Joe Neguse Meets the Climbing Community: Public Lands & Climate Change Focus of Conversation

April 20, 2019. Estes Park, CO.

Leading up to Earth Day, Congressman Joe Neguse made the trek to Estes Park to participate in a stewardship event at the Beaver Meadows Visitor Center in Rocky Mountain National Park (RMNP). Neguse represents Colorado's second congressional district which includes famous climbing destinations like the RMNP, Eldorado Canyon State Park and Boulder Canyon, to name a few. It's no wonder then that the climbing community makes up a significant portion of the Congressman’s constituency. Of the 23,000 Outdoor Alliance members that live in Colorado, 8,000 of them live within the District 2 boundaries alone. Suffice to say, Congressman Neguse, or Joe as he told me to call him, represents a lot of us climbers, paddlers, mountain bikers and skiers here in the Front Range

Neguse is in his freshman year in Congress and he's already introduced 10 pieces of legislation, most of it bipartisan, which is more than any other first year congressman or congresswoman. The Colorado Outdoor Recreation & Economy (CORE) Act in particular is something that the climbing community can get behind. If passed, it would protect 400,000 acres of land throughout Colorado and hundreds of climbing routes, mountaineering objectives and ski descents state wide. So, when Neguse was planning to do a stewardship project and town hall address, the climbing community jumped on the opportunity to catch up with him. A team from the AAC and the Access Fund spent the morning seeding and mulching in the Park and then got time with Neguse afterwards, to speak about the climbing and outdoors community. The human-powered representatives were:

  • Me, Taylor Luneau, Policy Manager, American Alpine Club

  • Jamie Logan, American Alpine Club Board member and first ascensionist

  • Tom Hornbein and his wife, Kathy, First ascent of the West Ridge of Everest

  • Chris Schulte, Pro Climber

  • Quinn Brett, NPS Climbing Ranger and public speaker

  • Hilary Harris, Evo rock climbing gym owner

  • Aaron Clark, Policy Director, International Mountain Bike Association

  • Dustin Dyer, Kent Mountain Adventure Company, Owner

  • Chris Winter, Executive Director, Access Fund

  • Erik Murdock, Policy Director, Access Fund

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The conversation focused on public lands, the outdoor recreation economy, recreation access and infrastructure, conservation funding, and climate change. When prompted about the CORE Act, Neguse replied, "we feel like the wind is at our back and we've got a real shot at getting this bill through the House of Representatives and, hopefully, put the pressure on the folks in the upper chamber to get this thing done, and that's exciting." Neguse pointed out how important it was to hear from the climbing community, which gives he and his staff a more complete understanding of the impact of the bill. When asked how the climbing community can advocate for the CORE Act, Neguse pointed to three things:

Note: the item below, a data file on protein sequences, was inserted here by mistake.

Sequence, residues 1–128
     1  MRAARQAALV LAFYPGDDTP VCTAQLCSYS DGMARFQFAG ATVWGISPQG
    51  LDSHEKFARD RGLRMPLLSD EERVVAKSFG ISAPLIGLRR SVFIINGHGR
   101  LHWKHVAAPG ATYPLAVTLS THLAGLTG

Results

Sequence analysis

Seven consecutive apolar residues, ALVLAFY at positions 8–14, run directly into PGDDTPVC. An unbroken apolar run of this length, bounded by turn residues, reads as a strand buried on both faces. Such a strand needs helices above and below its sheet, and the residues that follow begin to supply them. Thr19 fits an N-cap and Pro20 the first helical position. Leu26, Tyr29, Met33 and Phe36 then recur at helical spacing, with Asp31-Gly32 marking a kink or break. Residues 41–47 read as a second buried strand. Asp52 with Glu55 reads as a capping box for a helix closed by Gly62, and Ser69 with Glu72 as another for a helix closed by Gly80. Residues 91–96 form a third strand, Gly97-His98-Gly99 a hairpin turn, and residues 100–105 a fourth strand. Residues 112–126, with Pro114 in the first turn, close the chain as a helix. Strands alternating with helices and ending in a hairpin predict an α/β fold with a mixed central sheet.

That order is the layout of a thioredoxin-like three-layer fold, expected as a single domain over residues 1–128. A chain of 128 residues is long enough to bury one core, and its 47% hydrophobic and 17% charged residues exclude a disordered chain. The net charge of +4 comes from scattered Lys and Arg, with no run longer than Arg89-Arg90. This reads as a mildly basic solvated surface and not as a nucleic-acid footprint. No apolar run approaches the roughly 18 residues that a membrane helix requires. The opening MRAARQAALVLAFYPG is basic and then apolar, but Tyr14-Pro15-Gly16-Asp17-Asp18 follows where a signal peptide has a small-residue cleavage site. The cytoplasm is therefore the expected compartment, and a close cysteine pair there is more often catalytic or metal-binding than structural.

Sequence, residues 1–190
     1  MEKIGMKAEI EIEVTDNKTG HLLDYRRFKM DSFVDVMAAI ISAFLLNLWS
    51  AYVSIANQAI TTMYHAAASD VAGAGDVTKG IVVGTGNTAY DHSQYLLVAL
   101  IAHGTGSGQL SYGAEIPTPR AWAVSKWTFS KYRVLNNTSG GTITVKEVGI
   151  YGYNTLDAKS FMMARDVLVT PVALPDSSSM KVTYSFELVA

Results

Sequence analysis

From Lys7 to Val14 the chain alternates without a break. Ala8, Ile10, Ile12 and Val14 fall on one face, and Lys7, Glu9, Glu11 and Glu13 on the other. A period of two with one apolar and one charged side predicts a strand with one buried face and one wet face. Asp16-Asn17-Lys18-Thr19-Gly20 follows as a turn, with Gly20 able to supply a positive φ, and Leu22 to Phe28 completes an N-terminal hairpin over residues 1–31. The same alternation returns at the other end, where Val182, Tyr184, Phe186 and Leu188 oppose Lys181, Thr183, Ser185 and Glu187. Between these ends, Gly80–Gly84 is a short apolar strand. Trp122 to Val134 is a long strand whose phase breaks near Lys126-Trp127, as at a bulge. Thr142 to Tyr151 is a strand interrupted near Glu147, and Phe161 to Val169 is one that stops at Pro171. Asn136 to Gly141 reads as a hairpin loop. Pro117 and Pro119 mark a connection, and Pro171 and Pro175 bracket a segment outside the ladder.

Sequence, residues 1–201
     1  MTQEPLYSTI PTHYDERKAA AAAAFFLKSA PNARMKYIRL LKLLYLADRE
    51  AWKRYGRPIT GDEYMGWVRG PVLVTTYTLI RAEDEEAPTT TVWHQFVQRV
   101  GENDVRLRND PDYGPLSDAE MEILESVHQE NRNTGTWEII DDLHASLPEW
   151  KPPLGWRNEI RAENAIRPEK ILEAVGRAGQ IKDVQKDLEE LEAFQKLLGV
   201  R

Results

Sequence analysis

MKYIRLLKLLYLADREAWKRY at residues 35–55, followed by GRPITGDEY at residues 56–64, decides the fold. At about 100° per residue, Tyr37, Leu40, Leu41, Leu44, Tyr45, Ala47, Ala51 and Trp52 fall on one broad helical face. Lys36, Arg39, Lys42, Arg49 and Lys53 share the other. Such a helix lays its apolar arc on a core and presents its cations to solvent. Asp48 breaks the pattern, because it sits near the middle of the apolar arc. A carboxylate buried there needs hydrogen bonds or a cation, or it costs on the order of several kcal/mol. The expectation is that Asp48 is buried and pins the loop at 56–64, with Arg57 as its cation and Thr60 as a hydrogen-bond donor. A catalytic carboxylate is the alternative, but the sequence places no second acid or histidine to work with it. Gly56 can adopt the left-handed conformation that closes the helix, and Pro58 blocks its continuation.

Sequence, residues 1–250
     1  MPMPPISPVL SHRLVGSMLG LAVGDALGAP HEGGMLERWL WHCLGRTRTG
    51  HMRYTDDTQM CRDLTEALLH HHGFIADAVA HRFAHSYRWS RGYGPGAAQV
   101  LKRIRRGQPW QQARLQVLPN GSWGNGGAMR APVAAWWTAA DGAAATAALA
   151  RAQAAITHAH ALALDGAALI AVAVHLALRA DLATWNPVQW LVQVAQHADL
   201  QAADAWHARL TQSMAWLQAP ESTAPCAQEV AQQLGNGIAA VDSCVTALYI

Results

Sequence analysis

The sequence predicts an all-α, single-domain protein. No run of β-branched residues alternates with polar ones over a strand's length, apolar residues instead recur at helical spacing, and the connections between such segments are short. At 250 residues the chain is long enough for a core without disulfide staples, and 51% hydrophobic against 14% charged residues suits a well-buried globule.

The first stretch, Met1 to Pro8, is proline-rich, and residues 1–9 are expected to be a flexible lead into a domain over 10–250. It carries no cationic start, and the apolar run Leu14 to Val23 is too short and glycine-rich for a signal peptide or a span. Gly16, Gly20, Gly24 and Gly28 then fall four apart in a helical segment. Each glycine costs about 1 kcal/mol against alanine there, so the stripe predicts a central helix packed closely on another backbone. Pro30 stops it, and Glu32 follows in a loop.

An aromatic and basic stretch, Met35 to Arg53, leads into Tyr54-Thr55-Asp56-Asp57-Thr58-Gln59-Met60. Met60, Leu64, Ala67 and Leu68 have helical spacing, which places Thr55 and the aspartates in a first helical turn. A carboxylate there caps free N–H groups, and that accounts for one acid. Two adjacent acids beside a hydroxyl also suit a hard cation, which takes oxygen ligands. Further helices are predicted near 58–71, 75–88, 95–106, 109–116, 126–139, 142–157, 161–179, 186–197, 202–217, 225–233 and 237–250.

Keep up the groundswell of grassroots momentum around the CORE Act.
Writing letters to the editor for example, provide the public and their elected leaders salient points on how legislation of this sort is good for the next generation of climbers.

Share your ideas!
There are lots of opportunities that the legislature could pursue and they want to hear from you on which to prioritize. Write or call your elected leaders.

Keep up the activism.
The work of the outdoor community is part of the solution to forestalling attacks to nationally iconic places like our monuments, forests and parks. Keep at it!

I was especially encouraged by Neguse’s willingness to listen; his engagement and openness with the climbing community and his receptivity to our suggestions. Neguse even offered to come climbing with us soon! Neguse pointed out the important role that the outdoor community plays in advocating for environmental legislation and in tackling the major issues of our era such as climate change. Neguse didn’t need to be prompted on the issue stating, “our work on climate change will be the defining work that we do in the coming years.”

Hearing all of this, Tom Hornbein notably stated "you're facing your own Everest right now - so go for it!"

We will Tom.

Taylor Luneau,
AAC Policy Manager


A big thanks is owed to Erik Murdoch of Access Fund for his leadership in pulling together this lunch meeting, engaging the Congressman’s office and getting all of these awesome climbers at the table. Thanks Erik!